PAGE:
MISHA GLOUBERMAN'S TERRIBLE NOISES:
By Carl Wilson
Three o'clock one chilly October morning, you've been wandering the streets of Toronto for hours looking at the projections on walls, hearing the bands in emergency-vehicle garages and watching the short films in car washes and breathing in the artificial fields of fog on the university campus that make up Nuit Blanche, the "all-night contemporary art thing" that gives tens of thousands of people an insomniac aesthetic adventure every autumn. At an intersection a couple of cheerful young women with chattering teeth urge you to head down the street to something called "Terrible Noises for Beautiful People."
A few minutes later you find yourself waiting in a line and then being ushered into a candlelit room where a tall bearded man awaits: "Welcome! Welcome! I'm Misha Glouberman, welcome!" he calls out. Most of the other artists tonight haven't greeted you effusively and introduced themselves. They also haven't been wearing suits, as Glouberman is. You could be at a workplace team-building exercise, you think. If it wasn't 3 in the morning. You could perhaps be starting your first day of kindergarten, if you weren't a little drunk.
And what happens next is a little like a class, and a little like going to summer camp, and a little like joining the community choir, except that it consists of growling, chirping, humming, sputtering, mewling, babbling, chittering, yelping, hissing and, oh yes, listening, when you remember Glouberman's advice that it's wise to pause and make yourself a one-person audience for your own performance now and then. Then as abruptly as it began it ends and you are ushered out, with a sudden pang for the group of strangers with whom you've just been making the kinds of sounds you've probably only made before into someone's ear in a private moment of abandon. You feel that you know them, a little, though unlike in most brief social encounters, you walk away with no information about what they do for a living or, say, what bands they like, but only the way that one short guy in the purple scarf bares one side of his teeth when he's imitating the sound of an airplane engine revving up or the girl with the black curly hair makes electric-jolt twitches with her arms when she gibbers like a monkey. And somehow that knowledge seems at least as worthwhile.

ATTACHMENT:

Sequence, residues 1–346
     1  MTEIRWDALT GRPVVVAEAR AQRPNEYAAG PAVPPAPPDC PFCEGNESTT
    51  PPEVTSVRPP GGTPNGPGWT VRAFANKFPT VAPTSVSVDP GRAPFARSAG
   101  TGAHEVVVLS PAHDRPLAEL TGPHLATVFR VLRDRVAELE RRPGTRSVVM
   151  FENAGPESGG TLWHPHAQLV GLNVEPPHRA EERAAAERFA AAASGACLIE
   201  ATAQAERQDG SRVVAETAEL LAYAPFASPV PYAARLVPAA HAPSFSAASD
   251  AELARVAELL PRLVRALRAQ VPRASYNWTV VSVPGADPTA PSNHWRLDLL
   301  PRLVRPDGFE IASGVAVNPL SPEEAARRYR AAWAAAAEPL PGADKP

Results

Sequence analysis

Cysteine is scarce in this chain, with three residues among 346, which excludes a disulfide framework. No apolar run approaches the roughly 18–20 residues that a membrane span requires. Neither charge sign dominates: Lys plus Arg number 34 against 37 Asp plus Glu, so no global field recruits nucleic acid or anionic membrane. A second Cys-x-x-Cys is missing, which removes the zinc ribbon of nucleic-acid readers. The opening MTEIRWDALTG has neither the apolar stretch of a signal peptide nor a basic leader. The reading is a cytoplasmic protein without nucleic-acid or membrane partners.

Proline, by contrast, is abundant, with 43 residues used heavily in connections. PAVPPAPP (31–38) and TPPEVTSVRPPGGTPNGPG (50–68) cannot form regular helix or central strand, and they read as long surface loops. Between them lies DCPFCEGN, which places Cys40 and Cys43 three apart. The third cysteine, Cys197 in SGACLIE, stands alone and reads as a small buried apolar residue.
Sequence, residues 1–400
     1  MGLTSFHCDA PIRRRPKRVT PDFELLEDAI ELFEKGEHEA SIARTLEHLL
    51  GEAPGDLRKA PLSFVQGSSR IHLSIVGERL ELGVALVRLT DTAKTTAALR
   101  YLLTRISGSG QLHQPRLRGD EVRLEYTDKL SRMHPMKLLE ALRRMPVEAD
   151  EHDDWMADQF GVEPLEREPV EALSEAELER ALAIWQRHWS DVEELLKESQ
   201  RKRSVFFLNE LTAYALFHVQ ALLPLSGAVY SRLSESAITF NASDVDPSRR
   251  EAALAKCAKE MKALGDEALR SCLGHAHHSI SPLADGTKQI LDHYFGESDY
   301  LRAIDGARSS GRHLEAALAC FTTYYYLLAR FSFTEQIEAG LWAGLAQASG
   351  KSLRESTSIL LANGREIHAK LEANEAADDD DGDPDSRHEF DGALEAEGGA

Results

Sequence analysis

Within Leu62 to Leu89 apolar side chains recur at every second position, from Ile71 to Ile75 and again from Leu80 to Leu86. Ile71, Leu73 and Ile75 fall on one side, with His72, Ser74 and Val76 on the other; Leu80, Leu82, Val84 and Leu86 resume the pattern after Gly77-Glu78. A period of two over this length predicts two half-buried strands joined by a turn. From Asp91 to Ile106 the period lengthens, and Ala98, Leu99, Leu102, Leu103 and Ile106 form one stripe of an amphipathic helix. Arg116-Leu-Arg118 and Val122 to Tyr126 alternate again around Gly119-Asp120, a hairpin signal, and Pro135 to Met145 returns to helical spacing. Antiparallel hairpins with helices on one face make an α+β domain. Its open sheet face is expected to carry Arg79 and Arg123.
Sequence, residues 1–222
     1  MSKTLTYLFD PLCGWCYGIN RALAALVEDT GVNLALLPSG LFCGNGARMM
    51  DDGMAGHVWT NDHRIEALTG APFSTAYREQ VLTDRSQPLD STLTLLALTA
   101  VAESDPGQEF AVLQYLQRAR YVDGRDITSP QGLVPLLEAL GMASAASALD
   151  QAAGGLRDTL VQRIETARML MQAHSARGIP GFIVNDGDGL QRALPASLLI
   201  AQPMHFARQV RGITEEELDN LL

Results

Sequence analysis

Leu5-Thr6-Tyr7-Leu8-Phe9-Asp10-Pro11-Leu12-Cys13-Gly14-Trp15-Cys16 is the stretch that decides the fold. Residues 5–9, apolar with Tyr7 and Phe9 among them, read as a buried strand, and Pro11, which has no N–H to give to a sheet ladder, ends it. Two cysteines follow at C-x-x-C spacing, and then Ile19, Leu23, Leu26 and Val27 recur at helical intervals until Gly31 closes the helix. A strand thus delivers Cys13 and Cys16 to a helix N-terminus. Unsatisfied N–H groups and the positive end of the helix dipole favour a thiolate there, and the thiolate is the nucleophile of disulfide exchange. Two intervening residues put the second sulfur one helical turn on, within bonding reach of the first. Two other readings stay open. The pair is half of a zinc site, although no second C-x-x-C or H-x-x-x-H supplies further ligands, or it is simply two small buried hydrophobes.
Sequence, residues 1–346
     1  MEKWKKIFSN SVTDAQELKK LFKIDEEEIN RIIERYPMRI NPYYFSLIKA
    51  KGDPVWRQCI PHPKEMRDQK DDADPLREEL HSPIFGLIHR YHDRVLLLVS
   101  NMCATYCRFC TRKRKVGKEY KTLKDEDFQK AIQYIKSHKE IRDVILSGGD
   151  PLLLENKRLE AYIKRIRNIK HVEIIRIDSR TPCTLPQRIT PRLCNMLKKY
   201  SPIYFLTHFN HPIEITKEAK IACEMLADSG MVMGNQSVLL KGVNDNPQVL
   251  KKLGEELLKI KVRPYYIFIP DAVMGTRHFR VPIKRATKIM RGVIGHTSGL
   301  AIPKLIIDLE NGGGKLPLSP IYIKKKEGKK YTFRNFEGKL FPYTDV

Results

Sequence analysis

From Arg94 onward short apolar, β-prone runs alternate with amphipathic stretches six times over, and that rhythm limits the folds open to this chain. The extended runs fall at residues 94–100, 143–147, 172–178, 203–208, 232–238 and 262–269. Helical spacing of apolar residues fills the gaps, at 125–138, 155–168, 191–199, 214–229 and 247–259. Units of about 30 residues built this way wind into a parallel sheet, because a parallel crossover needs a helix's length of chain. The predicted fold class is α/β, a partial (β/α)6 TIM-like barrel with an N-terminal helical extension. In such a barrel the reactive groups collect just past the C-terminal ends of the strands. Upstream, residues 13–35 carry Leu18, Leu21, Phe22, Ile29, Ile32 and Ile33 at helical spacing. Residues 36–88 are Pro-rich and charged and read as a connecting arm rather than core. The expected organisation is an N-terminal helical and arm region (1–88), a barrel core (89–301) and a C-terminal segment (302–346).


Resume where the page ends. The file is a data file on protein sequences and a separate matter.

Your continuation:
Early in his landmark 1952 essay Leisure, The Basis of Culture, German philosopher Josef Pieper points out that the Greek word for leisure is the root of the modern word school. Instead of being just a kind of work (and preparation for work), as harried parents and politicians tend to treat it today, learning for Plato and the ancients was a kind of serious play. Toronto teacher, artist, animator and organizer Misha Glouberman groups his activities under the rubric of The Misha Glouberman School of Learning, a suppositional atelier name that at first seems goofily redundant but subtly is much less frivolous: In his classes and events, he rejuvenates people's innate capacity to learn by freeing them from the goal-oriented regimes of their workday and schoolday and household-managing lives and suggesting an exploratory approach to leisure.